[The following commands are not issued by CTM; rather, these are default ML settings]
no ip address
no keep alive
hold-queue 150 in

Interface {FastEthernetN|GigabitEthernetM} [N=0 to 11 and M=0,1]
no ip route-cache

interface POS0
Spr-intf-id 1
Service-policy output POLICY_QOS_OUT
[The following commands are not issued by CTM; rather, these are default ML settings]
No ip address
No ip route-cache
Crc 32

interface POS1
Spr-intf-id 1
Service-policy output POLICY_QOS_OUT
[The following commands are not issued by CTM; rather, these are default ML settings]
No ip address
No ip route-cache
Crc 32


NoteCisco IOS software supports multiple match cos commands for each class-map command, but CTM supports only one for each.

The multicast/broadcast feature applies only to RPR topologies and requires the ONS 15310 R5.0 or ONS 15454 R5.0 or later.


Point-to-Point Base Card Configuration

For a point-to-point topology involved in at least one ML-series card, the other card can be ML, CE, OC, or G1000. The point-to-point base card configuration must be applied only on the ML-series card(s) involved in the topology.


NoteCTM does not enable spanning tree. Therefore, verify that there are no Layer 2 loops formed by bridged connections outside the ML network. Layer 2 loops in a network without spanning tree enabled might cause network instability.

If a G1000 card is one endpoint in the point-to-point topology, a Network-to-Network Interface (NNI) connection is assumed. That is, the class of service (CoS) coming into the G1000 is trusted (not overwritten).


cos priority-multicast <Class of Service> percent <Multicast Group %1> [If Multicast Group 
1 has been enabled]
cos priority-multicast <Class of Service> percent <Multicast Group %2> [If Multicast Group 
2 has been enabled]
class-map match-any SP_MANAGEMENT [If SP Management (%) is greater than 0]
match cos <SP Management Class of Service> [If SP Management (%) is greater than 0]
class-map match-any AVVID_VOICE_VIDEO
match cos <Low Latency Queue Class of Service>
class-map match-any AVVID_CONTROL [If AVVID Control (%) is greater than 0]
match cos <AVVID Control Class of Service> [If AVVID Control (%) is greater than 0]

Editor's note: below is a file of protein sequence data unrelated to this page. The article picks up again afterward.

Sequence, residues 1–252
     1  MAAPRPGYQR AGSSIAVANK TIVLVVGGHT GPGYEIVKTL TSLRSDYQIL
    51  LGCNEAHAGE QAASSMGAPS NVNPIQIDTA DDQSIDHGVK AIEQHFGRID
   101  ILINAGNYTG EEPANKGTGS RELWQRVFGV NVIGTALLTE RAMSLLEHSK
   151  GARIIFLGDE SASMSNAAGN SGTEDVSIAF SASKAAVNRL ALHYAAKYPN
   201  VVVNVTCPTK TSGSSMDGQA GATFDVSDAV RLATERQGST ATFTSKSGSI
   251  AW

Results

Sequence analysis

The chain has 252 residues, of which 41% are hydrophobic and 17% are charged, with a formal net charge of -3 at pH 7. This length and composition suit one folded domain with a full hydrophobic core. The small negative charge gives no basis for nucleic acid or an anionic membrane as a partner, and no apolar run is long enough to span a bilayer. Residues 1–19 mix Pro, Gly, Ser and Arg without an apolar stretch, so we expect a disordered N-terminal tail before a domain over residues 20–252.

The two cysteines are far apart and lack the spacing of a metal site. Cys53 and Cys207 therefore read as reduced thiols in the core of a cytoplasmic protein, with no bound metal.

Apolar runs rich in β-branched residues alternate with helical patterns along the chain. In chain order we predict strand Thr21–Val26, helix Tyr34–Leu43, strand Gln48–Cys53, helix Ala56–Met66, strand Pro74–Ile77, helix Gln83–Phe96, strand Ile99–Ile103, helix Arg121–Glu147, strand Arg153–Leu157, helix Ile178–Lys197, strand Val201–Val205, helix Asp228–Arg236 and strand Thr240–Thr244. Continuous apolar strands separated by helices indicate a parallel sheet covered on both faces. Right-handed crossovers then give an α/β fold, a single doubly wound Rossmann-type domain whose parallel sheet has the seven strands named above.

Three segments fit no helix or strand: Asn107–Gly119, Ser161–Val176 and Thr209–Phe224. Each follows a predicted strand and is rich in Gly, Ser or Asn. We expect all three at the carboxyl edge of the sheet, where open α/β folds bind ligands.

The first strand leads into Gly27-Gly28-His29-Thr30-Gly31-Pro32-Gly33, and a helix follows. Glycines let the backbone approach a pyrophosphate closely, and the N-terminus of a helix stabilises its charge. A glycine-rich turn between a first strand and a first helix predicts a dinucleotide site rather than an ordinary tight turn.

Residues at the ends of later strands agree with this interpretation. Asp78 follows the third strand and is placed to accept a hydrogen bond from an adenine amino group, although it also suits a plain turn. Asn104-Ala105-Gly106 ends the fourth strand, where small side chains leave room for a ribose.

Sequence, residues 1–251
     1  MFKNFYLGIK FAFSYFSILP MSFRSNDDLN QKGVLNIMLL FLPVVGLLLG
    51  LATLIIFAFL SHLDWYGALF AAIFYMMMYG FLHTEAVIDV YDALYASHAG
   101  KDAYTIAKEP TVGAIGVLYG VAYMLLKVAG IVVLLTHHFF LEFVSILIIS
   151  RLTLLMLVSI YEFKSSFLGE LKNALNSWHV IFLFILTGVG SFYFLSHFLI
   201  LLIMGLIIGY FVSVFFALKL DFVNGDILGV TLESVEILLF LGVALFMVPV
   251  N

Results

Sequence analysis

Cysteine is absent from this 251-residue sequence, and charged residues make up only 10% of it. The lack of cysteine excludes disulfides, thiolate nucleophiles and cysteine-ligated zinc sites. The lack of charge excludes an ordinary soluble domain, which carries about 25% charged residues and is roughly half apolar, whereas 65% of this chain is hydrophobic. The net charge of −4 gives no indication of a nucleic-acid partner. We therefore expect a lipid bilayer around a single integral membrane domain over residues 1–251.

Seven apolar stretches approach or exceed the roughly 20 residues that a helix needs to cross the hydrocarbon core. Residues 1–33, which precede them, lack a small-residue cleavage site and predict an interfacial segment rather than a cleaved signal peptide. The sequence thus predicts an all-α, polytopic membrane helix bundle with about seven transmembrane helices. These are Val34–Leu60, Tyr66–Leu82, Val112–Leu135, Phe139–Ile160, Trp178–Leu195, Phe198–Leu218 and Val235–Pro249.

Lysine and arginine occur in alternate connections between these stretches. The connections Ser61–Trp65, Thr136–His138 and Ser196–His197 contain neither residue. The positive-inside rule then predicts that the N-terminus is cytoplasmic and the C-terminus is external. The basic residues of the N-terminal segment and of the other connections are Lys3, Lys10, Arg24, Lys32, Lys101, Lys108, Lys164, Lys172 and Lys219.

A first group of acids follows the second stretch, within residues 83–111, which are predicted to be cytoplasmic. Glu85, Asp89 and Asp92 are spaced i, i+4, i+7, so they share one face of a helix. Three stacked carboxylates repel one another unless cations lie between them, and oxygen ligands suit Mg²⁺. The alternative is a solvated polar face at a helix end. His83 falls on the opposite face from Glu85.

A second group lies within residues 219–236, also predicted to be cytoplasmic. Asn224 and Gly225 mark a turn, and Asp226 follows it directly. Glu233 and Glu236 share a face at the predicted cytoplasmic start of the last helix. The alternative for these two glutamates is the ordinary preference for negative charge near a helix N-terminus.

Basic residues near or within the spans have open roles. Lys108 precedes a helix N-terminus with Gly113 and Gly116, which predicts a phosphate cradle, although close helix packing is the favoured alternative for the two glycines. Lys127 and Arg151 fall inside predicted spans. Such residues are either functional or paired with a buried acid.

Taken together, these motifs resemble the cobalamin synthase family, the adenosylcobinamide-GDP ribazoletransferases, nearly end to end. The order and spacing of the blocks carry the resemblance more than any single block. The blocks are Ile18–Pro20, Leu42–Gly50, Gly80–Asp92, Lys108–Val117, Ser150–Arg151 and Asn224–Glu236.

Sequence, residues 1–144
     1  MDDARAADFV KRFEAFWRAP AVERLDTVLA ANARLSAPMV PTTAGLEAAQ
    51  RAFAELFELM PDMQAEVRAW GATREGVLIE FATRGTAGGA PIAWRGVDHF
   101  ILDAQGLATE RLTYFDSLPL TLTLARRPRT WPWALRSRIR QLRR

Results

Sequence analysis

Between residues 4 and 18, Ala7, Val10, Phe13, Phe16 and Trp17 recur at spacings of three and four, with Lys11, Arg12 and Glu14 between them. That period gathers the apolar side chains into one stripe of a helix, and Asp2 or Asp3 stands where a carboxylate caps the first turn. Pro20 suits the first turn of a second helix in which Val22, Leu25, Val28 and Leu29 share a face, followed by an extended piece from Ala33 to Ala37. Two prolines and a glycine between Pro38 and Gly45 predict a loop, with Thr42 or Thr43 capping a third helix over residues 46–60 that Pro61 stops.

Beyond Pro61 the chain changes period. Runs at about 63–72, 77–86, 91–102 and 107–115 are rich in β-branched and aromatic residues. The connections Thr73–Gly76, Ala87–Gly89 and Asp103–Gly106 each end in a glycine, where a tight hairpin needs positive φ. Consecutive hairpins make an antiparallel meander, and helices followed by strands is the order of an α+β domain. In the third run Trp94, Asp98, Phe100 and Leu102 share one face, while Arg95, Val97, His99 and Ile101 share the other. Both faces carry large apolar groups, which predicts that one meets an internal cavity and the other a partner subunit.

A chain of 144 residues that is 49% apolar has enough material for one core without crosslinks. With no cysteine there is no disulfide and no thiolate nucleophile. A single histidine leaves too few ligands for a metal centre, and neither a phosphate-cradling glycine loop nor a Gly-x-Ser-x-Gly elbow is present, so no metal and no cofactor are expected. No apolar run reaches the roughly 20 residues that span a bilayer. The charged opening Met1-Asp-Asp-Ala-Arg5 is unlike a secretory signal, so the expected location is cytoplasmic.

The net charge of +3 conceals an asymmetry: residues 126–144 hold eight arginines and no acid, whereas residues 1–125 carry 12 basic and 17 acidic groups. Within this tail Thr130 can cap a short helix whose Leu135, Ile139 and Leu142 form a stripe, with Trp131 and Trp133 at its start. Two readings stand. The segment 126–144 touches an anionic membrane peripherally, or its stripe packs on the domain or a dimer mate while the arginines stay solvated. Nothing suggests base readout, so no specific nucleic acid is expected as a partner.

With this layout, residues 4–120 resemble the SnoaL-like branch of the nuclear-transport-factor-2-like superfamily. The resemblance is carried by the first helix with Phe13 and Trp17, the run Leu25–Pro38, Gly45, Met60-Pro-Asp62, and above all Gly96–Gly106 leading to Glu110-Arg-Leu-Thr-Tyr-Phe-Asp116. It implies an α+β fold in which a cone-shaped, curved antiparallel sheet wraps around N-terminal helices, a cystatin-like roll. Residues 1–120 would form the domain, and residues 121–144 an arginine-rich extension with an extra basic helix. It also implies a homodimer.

class-map match-any CIR [If Committed Rate (%) is greater than 0]
match cos <Committed Rate Class of Service> [If Committed Rate (%) is greater than 0]
class-map match-all BEST_EFFORT
match any

Policy-map POLICY_QOS_OUT
class SP_MANAGEMENT [If SP Management (%) is greater than 0]
bandwidth percent <SP Management (%)> [If SP Management (%) is greater than 0]
class AVVID_VOICE_VIDEO
Priority 8 [Fixed values are not configurable]
class AVVID_CONTROL
bandwidth percent <AVVID Control (%)> [If AVVID Control (%) is greater than 0]
class CIR [If Committed Rate (%) is greater than 0]
bandwidth percent <Committed Rate (%)> [If Committed Rate (%) is greater than 0]
class BEST_EFFORT
Bandwidth percent <Default Best Effort (%)>

Cos commit <CoS Commit>

Vlan dot1q tag native

l2protocol-tunnel cos 2 [Fixed value]

[The following commands are not issued by CTM; rather, these are default ML settings]
Interface {FastEthernetN|GigabitEthernetM} [N=0 to 11 and M=0,1]
no ip route-cache

interface POS0
service-policy output POLICY_QOS_OUT
Crc {16|32} [Crc 16 between ML and E-series; otherwise Crc 32]
[The following commands are not issued by CTM; rather, these are default ML settings]
No ip address
No ip route-cache

interface POS1
service-policy output POLICY_QOS_OUT
Crc {16|32} [Crc 16 between ML and E-series; otherwise Crc 32]
[The following commands are not issued by CTM; rather, these are default ML settings]
No ip address
No ip route-cache


Note Cisco IOS software supports multiple match cos commands for each class-map command, but CTM supports only one for each.


Packet over SONET, Ethernet, and Shared Packet Ring Port Provisioning

You can use the Create Layer 2 Service wizard, Modify Ports dialog box, Modify VLANs dialog box, Add L2 Service Drops wizard, or Modify L2 Drops wizard to provision the parameters described in the following table.

Table 2 Port Provisioning Parameter Support 

Card and Port Types
MTU Size
Speed
Duplex
Flow Control (Send)
Flow Control (Receive)
Enable (No Shutdown)/Disable (Shutdown)

ML100T card

Ether

Supported

Supported

Supported

Supported

Not supported

Supported

PoS1

Supported only for PTP

Not supported

Not supported

Not supported

Not supported

Supported

SPR2

Supported only for RPR

Not supported

Not supported

Not supported

Not supported

Not supported

ML1000 (Ether) card

Ether

Supported

Supported only for Auto

Supported only for Auto

Supported

Supported

Supported

PoS

Supported only for PTP

Not supported

Not supported

Not supported

Not supported

Supported

SPR

Supported only for RPR

Not supported

Not supported

Not supported

Not supported

Not supported

ML100FX card

Ether

Not supported

Only 100 is supported

Only Full is supported

Supported

Not supported

Supported

PoS

Supported only for PTP

Not supported

Not supported

Not supported

Not supported

Supported

SPR

Supported only for RPR

Not supported

Not supported

Not supported

Not supported

Not supported

ML100T-8 card

Ether

Not supported

Supported

Supported

Supported

Not supported

Supported

PoS

Not supported

Not supported

Not supported

Not supported

Not supported

Supported

SPR

Only 1500 is supported

Not supported

Not supported

Not supported

Not supported

Not supported

1 PoS = Packet over SONET.